×

Biotech and Pharmaceuticals Pharmaceuticals

  • First Ebola case diagnosed in US confirmed

    The CDC has confirmed the first Ebola case diagnosed in the U.S. and will hold a news conference at 5:30PM E.T. Tuesday. CNBC's Meg Tirrell has the details.

  • Health care inversions in jeopardy?

    Discussing how new government rules could impact health care inversion deals, with CNBC's Meg Tirrell and Les Funtleyder, Esquared Asset Management.

  • Roche breast cancer drug helped patients live longer

    A new breast cancer drug from Roche showed "unprecedented" benefits in a clinical trial, reports CNBC's Meg Tirrell.

  • Woman having a mammography scan.

    A new breast cancer drug from Roche has shown "unprecedented" benefits in extending lives in a clinical trial.

  • Positive data from Roche breast cancer drug

    A breast cancer drug from Roche known as Perjeta helped patients live nearly 16 months longer compared with Herceptin and chemotherapy alone. CNBC's Meg Tirrell provides insight to the data.

  • Medicins Sans Frontieres health workers at an isolation camp in Liberia during the visit of the UN Ebola systems coordinator, Aug. 23, 2014.

    The World Bank on Thursday announced it would give another $170 million to help West African countries contain the spread of the Ebola virus.

  • Tax crackdown impact on pharma deals

    Discussing how the Treasury Department's new rules to end tax inversions could impact the pharma deals, with Michael Faerm, Wells Fargo Securities.

  • The world's attention may have shifted to U.S. airstrikes on Syria, but West Africa continues to be ravaged by the worst outbreak of Ebola.

  • Salix & Allergan in serious talks

    CNBC's David Faber reports significant talks are taking place between Allergan and Salix Pharmaceuticals, and how the potential deal impacts Valeant. Jim Cramer explains how Wall Street perceives the potential buy.

  • The Merck KGaA logo sits outside the company's headquarters in Darmstadt, Germany.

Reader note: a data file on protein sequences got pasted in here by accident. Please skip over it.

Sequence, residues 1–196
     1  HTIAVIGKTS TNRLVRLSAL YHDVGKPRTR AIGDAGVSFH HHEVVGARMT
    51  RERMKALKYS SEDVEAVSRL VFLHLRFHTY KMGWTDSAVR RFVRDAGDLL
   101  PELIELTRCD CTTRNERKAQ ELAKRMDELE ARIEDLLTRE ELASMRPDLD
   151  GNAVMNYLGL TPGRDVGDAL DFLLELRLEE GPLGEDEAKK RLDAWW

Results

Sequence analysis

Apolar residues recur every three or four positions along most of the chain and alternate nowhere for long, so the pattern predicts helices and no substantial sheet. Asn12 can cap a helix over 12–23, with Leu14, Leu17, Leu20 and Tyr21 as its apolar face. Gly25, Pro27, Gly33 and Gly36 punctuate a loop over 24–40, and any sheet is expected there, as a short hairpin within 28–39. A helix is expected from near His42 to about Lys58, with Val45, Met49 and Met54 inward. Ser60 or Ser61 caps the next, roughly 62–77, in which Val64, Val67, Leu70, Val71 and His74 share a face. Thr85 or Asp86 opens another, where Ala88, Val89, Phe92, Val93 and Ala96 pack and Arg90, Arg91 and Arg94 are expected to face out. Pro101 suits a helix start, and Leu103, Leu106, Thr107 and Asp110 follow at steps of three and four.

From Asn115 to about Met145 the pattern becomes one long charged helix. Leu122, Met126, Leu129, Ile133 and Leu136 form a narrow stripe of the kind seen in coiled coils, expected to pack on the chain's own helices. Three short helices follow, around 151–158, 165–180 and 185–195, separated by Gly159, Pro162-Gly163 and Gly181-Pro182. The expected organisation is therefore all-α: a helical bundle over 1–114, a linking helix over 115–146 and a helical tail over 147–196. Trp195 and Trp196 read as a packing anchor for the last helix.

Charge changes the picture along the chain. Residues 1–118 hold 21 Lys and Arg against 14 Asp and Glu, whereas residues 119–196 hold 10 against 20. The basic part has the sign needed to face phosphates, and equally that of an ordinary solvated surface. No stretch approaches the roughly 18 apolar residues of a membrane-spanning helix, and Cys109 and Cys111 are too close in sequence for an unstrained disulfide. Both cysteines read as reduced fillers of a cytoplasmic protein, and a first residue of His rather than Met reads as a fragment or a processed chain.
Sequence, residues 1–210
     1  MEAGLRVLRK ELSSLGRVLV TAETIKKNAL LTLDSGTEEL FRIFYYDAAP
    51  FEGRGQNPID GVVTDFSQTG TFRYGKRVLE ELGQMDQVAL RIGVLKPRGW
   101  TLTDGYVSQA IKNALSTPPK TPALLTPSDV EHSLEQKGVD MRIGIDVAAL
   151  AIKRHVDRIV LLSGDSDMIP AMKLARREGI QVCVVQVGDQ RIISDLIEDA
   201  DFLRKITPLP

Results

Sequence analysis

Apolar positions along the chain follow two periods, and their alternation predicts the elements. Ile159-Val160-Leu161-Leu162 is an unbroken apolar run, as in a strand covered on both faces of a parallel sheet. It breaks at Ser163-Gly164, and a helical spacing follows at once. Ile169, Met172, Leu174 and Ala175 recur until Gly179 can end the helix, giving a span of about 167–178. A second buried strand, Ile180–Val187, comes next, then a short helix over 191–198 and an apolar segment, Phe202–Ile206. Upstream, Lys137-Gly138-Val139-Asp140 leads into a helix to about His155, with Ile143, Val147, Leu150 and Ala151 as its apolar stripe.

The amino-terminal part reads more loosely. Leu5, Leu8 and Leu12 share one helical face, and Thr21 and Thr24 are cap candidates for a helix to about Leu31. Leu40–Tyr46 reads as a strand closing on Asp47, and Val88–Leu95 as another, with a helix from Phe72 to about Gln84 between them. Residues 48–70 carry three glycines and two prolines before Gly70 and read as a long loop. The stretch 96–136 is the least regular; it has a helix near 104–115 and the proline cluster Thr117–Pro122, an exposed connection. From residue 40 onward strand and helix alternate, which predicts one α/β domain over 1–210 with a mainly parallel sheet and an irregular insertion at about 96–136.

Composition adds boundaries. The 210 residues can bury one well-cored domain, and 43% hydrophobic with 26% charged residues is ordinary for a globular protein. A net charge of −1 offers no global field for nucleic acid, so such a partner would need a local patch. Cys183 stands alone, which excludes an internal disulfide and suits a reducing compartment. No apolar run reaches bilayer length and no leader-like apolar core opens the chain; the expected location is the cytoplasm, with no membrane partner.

Merck agrees to acquire Sigma-Aldrich for $17 billion in cash to boost its life science business.

  • Germany's Merck to acquire Sigma-Aldrich for $17 billion

    Karl Ludwig-Kley Merck KGAA, and Rakesh Sachdev, Sigma-Aldrich president & CEO, discuss Merck's acquisition of Sigma-Aldrich and the future of life sciences and technology.

  • An erectile dysfunction drug that reduces by half the time patients need to take the pill has been approved by the U.S. Food and Drug Administration.

  • Ebola under the microscope

    CNBC's Meg Tirrell, and Scott Gottlieb, American Enterprise Institute, discuss the latest developments in controlling the Ebola epidemic.

  • U.S. regulators are greenlighting a new weight-loss drug called Contrave, the third in a string of approvals for anti-obesity treatments.

  • Bristol-Myers, Ono will win in patent fight: Pro

    Vamil Divan, Senior Analyst, U.S. Pharmaceuticals at Credit Suisse, discusses news that Bristol-Myers Squibb and Ono Pharmaceutical are suing Merck over the Keytruda cancer drug.

  • Accelerating Ebola vaccine

    CNBC's Meg Tirrell speaks to Johnson & Johnson chairman, Joaquin Duato, about J&J's partnership with the National Institutes of Health to fast track its Ebola vaccine program to begin human testing by early 2015.

  • CNBC's Andrea Day reports on a former convicted drug smuggler who has turned to selling diet supplements.

  • Infinity Pharma teams up with AbbVie for cancer drug

    Infinity Pharma will receive $275 million upfront from AbbVie, as part of a new venture to develop blood cancer treatments. Infinity CEO Adelene Q. Perkins, explains the significance of the deal, with CNBC's Meg Tirrell.

  • Biotech's $10 billion opportunity

    CNBC's Meg Tirrell reports experimental cholesterol medicines by Amgen and Regeneron represent a potential $10 billion opportunity pending FDA approval in the U.S.

  • Kite Pharma's positive cancer drug study results

    Kite Pharma is working on a treatment which involves taking a cancer patient's own t-cells out of their body, genetically modifying them to better target cancer, and then re-administering them. Its CEO Arie Belldegrun, provides insight to the positive study with the therapy.